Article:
Once a year or so, Rev. Aija lets me take the reins (and the pulpit) for what we call “Music Sunday”—a worship experience that’s all about music, except when it’s not. Coming up with a theme for Music Sunday is always pretty easy—there’s always a song I’ve wanted to find an excuse for the choir to sing, or a topic I’ve wanted to write a song about, or a story I’ve wanted to tell. Except for this year.
This year, as America’s democracy seems to have devolved into a battle of mudslinging and “who’s evil-er than whom,” and as ever-improving and ever more ubiquitous technology makes it harder for injustice to disguise itself as rumor or hyperbole, I find myself feeling inadequate. There is too much wrong with the world for one little sermon or one new choir anthem to fix it.
My prayer habits are quite a bit different now than they used to be, but my spirituality is still one of stubbornly second-person theology: I no longer even pretend to understand fully who or what God really is, but I know it’s not me. So after struggling for too long to find the right focus for Music Sunday, I threw my hands up and asked the Universe for a hint—and silence was the response. Not silence-the-absence-of-response silence. Silence-the-potent-beginnings-of-all-that-is silence.
It started with a Facebook post from a friend of mine:
One line in particular caught my eye, because I hear it a lot from people of color when they express frustration with the “shallow understanding from people of good will” that so often describes the reaction that I and other white allies fumble to manage as we work for justice. “Have a seat and study some more.”
In other words, shut up and listen. There are important things to be said, and you need to hear them.
So this Sunday at UUCV we’ll be seeking silence. Talking about silence. And singing about silence. And most importantly, spending more time in silence than nearly any of us are comfortable with, because growth is hardly ever comfortable.
We’ll also be hearing some breathtakingly gorgeous music, of course. You know I love to show off my little choir, and they are working magic with the Mark Hayes arrangement of “The Sound of Silence”—last night’s rehearsal left me with goosebumps. Adding Dani and Marc, who will be backing us up on Sunday on drums and bass, will just take things to a whole new level.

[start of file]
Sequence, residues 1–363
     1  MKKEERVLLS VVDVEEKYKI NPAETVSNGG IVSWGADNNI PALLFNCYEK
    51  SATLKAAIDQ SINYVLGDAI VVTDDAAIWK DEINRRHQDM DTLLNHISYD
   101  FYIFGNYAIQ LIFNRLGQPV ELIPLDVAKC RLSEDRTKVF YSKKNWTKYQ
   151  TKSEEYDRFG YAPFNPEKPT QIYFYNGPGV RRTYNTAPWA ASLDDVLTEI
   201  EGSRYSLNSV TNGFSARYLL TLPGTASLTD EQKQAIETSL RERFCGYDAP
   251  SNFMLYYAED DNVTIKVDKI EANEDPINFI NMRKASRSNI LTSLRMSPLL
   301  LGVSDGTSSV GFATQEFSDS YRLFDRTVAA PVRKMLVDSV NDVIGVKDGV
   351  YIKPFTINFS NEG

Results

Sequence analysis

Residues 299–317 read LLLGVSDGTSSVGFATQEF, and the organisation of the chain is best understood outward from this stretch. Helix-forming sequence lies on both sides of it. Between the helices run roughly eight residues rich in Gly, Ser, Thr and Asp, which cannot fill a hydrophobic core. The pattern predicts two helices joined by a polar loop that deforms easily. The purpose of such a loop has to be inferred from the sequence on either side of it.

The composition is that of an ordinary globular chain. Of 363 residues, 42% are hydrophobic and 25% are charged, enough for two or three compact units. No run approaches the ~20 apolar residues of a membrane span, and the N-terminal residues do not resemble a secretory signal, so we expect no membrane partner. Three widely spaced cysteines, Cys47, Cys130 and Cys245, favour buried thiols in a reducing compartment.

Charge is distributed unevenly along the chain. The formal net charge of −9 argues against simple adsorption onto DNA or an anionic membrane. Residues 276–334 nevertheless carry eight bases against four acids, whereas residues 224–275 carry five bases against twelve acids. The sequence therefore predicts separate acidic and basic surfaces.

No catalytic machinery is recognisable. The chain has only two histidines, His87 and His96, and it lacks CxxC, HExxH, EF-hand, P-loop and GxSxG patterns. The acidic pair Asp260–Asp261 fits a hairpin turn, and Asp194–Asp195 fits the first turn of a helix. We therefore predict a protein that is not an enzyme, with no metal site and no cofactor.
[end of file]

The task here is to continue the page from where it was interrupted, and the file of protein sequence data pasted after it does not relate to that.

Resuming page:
We’ll also be premiering a new choral piece I wrote for the occasion, called “Sing It.” The lyrics follow; I do hope you’ll join us on Sunday at 10:30 AM to hear the choir give it wings—and I hope it moves you to the right kind of silence.
words & music ©2016 David M. Glasgow
In the silence,
without noise, without words to save the day,
I can hear me, but I’m not sure what to say.
Rage against? Stand behind?
Play it safe? Play the hero?
Do I ever say a word that starts inside?
Now I finally have the chance, and I hide.
Then I hear it—
though at first I’m afraid I’m not alone—
soft and clear, it speaks a truth I recognize as my own.
And it speaks, without words, of a strength here within me
that could change the world if only I would try.
So I slowly close my eyes, and breathing deep,
I sing it soft and low and gentle
like the breeze that runs its fingers through my hair.
I sing it deep and true and wordless,
like the beating of a heart that’s always there.
I sing it silently within, and let the music work its magic
in the veins that carry life to every corner of my soul.
When I finally claim the silence,
I sing it gentle.
Eyes are open,
and at last I can see I’m not alone.
You’ve been singing too,
and your spirit harmonizes with my own.
And we sing, and our hearts gather strength here among us
that can change the world if only we will try.
And when we know we’re not alone,
we sing it loud! We sing it strong!
We sing it boldly from the mountaintop,
and bravely at the coffee shop,
and lovingly to everyone we meet!
Love is born in silence,
but for love to survive,
we must sing it loud!